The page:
Many software engineering teams have adopted Agile. However, teams delivering process change tend to use traditional ‘lifecycle' approaches and have yet to embrace Agile. Why is that? Can the Agile approach be used to implement or facilitate process change?
Achieving buy-in and support is much easier if the process change project mirrors the client organisation. Increasingly, these project teams are confronted with an Agile client environment utilising Scrum. This is prompting process change teams to ask the question, "Should we adopt the Scrum framework for our delivery?" The first port of call when considering this question is the four fundamental values of the Agile Manifesto ( http://agilemanifesto.org/). These values appear to complement the implementation of process change.
The first of these values is 'Individuals and interactions over processes and tools‘ . At first glance this statement may seem anathema to process improvement, but actually it is very much in-synch with how projects should be run. Change is about people, not process. In good process change projects the documents, processes and procedures you develop are merely tools to institutionalise best practice behaviours and smooth interactions between people.
One of the common themes in an improving engineering organisation is the prevalence of tacit knowledge and working practices treated as policy or procedure. Teams well down the process improvement path operate using explicitly defined procedures. As Michael Polanyi famously said, "We know more than we can tell". Engaging the individuals and understanding the interactions are fundamental to turning Polanyi's "Tacit Knowing" into explicit knowledge.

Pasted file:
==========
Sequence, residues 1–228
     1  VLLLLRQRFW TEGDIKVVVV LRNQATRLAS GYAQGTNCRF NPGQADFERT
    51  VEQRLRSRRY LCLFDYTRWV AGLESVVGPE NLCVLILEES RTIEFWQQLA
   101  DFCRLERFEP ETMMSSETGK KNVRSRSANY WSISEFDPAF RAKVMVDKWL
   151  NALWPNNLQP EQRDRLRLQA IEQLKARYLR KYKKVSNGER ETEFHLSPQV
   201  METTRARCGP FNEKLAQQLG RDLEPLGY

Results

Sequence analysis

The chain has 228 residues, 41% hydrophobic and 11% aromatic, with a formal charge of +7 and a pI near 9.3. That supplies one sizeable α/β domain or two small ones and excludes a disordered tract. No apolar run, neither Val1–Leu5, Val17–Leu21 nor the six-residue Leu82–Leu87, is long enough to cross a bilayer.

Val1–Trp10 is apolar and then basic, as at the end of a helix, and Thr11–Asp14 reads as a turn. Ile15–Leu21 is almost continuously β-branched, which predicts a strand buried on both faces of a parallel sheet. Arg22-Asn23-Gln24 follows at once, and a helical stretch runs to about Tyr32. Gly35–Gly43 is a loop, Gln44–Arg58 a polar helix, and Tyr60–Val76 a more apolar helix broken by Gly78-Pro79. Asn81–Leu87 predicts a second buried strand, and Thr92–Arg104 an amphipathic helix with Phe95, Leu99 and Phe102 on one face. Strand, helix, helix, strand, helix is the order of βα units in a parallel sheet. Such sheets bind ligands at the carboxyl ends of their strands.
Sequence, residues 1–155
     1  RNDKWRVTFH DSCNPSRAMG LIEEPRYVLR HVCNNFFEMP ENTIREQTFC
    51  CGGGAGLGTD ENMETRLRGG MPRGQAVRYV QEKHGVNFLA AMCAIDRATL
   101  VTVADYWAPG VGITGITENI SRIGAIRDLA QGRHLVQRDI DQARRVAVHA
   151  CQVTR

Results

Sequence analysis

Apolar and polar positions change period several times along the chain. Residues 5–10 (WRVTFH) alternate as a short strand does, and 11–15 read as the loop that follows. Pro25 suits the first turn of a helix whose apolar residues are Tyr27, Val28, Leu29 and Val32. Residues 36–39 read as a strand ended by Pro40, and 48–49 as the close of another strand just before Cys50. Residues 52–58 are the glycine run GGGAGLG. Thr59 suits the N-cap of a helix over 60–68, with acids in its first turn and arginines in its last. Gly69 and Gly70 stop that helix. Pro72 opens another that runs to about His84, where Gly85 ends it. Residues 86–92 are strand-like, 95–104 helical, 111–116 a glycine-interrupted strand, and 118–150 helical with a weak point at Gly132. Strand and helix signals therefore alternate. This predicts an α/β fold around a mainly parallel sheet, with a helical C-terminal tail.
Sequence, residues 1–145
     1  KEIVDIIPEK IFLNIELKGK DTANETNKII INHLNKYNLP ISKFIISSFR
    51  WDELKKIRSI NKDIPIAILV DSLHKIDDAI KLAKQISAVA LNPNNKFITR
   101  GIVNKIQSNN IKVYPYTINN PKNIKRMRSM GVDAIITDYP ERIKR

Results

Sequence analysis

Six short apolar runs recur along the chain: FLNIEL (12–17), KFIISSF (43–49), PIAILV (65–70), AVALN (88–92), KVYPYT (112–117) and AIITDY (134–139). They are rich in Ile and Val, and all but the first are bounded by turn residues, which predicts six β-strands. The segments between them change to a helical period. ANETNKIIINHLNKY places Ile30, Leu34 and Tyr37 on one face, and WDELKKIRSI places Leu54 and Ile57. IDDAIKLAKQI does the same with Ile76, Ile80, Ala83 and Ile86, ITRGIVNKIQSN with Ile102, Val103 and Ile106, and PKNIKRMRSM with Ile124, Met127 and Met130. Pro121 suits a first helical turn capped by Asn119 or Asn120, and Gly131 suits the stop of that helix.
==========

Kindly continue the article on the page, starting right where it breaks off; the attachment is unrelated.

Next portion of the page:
The value 'Working software over comprehensive documentation‘ is straightforward to match. We are not writing code; however, we do develop a wide variety of documents, processes and procedures to support the implementation of the process changes. The aim is to develop effective processes which can be tailored to the situation, but still ensure the necessary rigour to meet the goals of the organisation.
The risk with putting processes in place is that the process becomes the goal in itself rather than the process being a tool to support a specific organisational objective. Therefore, this Manifesto statement could be rewritten a number of ways, but "Working processes over bureaucracy" should resonate with most readers.
The third value is 'Customer collaboration over contract negotiation‘ . If we accept the purpose of process improvement is to institutionalise desirable behaviours, then the key to success is getting your customers to change how they behave. Some process change teams use policy statements as a mechanism to mandate the use of the defined processes. Often, the mandated processes are developed in isolation of the end user. Whilst most practitioners agree policy has a place, used in isolation it will never be as effective as a collaborative approach.
By performing the process modelling and implementation steps iteratively in collaboration with the customer, you get a much better level of buy-in. The result of working in this way is that the client achieves a sense of ownership. With ownership comes accountability and responsibility, which in turn sees quicker adoption, higher quality feedback and understanding.
Process improvement projects are about implementing process change within the client's target organisation. In order to achieve this outward facing change you often have to deal with many internal project changes. Therefore, the fourth value of the Agile Manifesto resonates well, 'Responding to change over following a plan‘ .
It is difficult to predict all the impediments to any type of change. No organisation has the same combination of politics, personalities or delivery pressures. As a result, the level of requirements churn we see can be significant; the subsequent planning and requirement re-factoring is enough to make Agile very attractive.
Given that we have established - albeit at a high level - that change projects appear to be compatible with the Agile values, how do we implement this in practice? The